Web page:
Running the country like an LGU

Atty. Farah G. Decano


PRESIDENT Duterte runs the country like a local government. By winning a plurality of the votes in 2016, he must have easily concluded that his voters wanted him to govern the Philippines that way. Or perhaps, he has been so entrenched in this LGU style of leadership for decades that he knows no other methods.

What is this LGU headship method? The parochial one, of course.  I am not saying that all LGU style of management is “provincial,” so to speak.

The parochial leadership puts good emphasis on perception.  Because the territorial jurisdiction of an LGU is smaller and the constituents share the same cultural background, and are, more often, known to each other, the chief executive of an LGU easily becomes the center of power and assistance.  While delegation occurs, there is a great need for the narrow-minded LGU chief to appear as the bearer of panacea for all the problems arising in his territory including those personal to his/her constituents.  Almost often, the issues are similar and, therefore, the answers are, almost always, the same. Band-aid solutions are easily resorted to because of the briefness of the leader’s political term.  For long as the “solution” work within the duration of his stint, then the perception of his administration remains ok.

Unfortunately, this management style does not work in a diversity of people, of cultures and in a larger territory and for politicians with a longer term.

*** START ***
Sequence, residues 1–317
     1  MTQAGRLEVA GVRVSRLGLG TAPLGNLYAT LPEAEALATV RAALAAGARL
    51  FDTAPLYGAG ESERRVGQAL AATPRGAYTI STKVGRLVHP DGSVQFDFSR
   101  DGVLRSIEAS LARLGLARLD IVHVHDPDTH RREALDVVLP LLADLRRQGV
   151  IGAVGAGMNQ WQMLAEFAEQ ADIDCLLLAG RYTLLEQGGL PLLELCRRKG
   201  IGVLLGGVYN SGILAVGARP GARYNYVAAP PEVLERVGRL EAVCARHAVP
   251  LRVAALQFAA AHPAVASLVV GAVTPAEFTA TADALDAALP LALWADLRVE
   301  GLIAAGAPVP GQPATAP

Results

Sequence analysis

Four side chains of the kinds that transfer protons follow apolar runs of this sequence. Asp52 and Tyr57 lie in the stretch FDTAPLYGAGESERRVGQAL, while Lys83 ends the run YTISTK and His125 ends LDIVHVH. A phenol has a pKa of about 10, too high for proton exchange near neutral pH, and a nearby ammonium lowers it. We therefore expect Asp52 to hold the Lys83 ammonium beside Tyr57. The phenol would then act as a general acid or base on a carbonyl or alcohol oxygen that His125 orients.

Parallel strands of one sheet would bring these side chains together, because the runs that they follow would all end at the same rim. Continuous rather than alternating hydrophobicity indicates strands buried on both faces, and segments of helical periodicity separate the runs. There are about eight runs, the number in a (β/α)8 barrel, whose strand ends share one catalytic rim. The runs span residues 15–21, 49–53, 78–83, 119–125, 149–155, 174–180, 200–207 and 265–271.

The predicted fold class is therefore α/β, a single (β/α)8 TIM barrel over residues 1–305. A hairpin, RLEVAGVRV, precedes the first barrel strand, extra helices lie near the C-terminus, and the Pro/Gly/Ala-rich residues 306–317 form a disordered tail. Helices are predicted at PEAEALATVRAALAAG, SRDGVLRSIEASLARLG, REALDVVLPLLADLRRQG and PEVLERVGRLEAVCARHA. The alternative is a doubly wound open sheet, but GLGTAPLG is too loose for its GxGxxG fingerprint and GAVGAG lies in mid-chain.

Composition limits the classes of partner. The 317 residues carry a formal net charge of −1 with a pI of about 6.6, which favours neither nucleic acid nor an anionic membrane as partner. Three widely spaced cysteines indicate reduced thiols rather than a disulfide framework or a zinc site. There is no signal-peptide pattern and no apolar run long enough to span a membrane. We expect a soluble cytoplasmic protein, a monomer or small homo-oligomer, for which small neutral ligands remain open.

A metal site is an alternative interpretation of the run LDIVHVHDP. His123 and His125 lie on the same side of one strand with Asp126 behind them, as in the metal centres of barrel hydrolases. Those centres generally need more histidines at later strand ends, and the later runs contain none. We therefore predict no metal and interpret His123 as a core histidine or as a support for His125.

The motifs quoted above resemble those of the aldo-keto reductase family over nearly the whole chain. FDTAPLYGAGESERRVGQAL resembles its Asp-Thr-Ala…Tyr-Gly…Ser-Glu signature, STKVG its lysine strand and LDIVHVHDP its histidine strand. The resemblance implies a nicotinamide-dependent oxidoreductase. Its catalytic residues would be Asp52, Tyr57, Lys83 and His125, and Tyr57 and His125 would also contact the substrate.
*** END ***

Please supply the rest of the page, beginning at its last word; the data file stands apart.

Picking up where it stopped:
What are the indicia that President Duterte has not discarded his LGU leadership approach in governing the Philippines?

Ah, he has a great need to be the only “political idol” in the country. Emerging political stars must bow to and acknowledge his almighty presence. I remember how the popular projects of Vice President Leni Robredo and the effective and practical approaches of Mayor Vico during the nationwide Enhanced Community Quarantine last year, got the goat of the executive. Why? They quietly performed their duties without alluding any assistance from the President. Consequently, they did not only receive an absence of support but also persecution from Duterte’s camp, trolls included.   Contrast these two mavericks with Mayor Isko Moreno. Being in local government for many years himself, the Manila mayor knows that to earn the encouragement of a leader with deeply ingrained LGU parochial background, one must be, most often, of the sycophant and condescending kind.  Aside from frequently mentioning President Duterte, Mayor Isko gamely raises his hand in the level of his shoulders and does a fist bump.  The latter now enjoys the backing of the President.

Because of the emphasis on perception of power unified and centralized in him, President Duterte sees a variety in opinion as an affront against his leadership.  He needs to control the Senate and the House of Representatives by using the carrot and stick method.  I have never seen the usual thugs in the Senate bow down to any president, except president Duterte. Didn’t he say in the early months of his presidency that he had the “goods” about them in the same way he possessed the “goods” about Senator Leila De Lima?   Similar things happen locally under a close-minded leadership. The fiercest followers are rewarded with trips, positions and unusual benefits.

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